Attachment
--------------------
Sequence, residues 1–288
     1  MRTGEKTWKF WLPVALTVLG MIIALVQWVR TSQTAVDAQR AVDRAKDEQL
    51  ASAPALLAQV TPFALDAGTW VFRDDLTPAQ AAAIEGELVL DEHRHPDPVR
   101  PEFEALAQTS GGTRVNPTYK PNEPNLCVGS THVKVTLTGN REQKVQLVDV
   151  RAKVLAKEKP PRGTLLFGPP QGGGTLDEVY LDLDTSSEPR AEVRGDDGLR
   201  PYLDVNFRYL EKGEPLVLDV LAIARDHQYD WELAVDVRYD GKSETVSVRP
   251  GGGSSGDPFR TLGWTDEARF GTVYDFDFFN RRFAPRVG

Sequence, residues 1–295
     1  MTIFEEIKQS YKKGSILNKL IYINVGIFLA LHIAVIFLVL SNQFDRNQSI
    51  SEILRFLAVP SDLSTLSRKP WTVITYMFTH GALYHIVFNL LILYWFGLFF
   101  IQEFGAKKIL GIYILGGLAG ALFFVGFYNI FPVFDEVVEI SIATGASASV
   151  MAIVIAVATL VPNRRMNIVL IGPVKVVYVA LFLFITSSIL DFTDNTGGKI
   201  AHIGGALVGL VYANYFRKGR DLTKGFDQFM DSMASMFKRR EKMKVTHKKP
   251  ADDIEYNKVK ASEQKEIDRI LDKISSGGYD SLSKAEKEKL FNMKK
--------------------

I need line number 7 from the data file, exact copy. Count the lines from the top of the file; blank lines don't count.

   251  GGGSSGDPFR TLGWTDEARF GTVYDFDFFN RRFAPRVG